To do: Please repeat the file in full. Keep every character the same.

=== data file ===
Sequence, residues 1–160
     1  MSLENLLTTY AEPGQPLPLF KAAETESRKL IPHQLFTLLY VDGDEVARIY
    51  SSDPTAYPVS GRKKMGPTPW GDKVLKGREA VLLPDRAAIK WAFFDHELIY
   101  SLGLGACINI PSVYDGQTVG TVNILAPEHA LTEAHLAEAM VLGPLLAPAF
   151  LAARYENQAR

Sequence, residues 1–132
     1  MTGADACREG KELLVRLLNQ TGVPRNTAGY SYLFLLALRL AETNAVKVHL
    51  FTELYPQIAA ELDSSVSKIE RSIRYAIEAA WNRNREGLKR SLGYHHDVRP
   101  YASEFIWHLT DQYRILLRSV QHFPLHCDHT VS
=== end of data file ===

Sequence, residues 1–160
     1  MSLENLLTTY AEPGQPLPLF KAAETESRKL IPHQLFTLLY VDGDEVARIY
    51  SSDPTAYPVS GRKKMGPTPW GDKVLKGREA VLLPDRAAIK WAFFDHELIY
   101  SLGLGACINI PSVYDGQTVG TVNILAPEHA LTEAHLAEAM VLGPLLAPAF
   151  LAARYENQAR

Sequence, residues 1–132
     1  MTGADACREG KELLVRLLNQ TGVPRNTAGY SYLFLLALRL AETNAVKVHL
    51  FTELYPQIAA ELDSSVSKIE RSIRYAIEAA WNRNREGLKR SLGYHHDVRP
   101  YASEFIWHLT DQYRILLRSV QHFPLHCDHT VS